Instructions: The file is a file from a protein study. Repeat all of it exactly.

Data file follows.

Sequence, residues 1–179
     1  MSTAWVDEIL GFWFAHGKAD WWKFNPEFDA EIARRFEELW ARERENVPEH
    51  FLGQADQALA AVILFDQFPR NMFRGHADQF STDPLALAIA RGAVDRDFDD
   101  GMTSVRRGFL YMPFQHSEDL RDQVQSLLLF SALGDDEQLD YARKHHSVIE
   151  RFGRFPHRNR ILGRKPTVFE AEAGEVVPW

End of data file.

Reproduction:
Sequence, residues 1–179
     1  MSTAWVDEIL GFWFAHGKAD WWKFNPEFDA EIARRFEELW ARERENVPEH
    51  FLGQADQALA AVILFDQFPR NMFRGHADQF STDPLALAIA RGAVDRDFDD
   101  GMTSVRRGFL YMPFQHSEDL RDQVQSLLLF SALGDDEQLD YARKHHSVIE
   151  RFGRFPHRNR ILGRKPTVFE AEAGEVVPW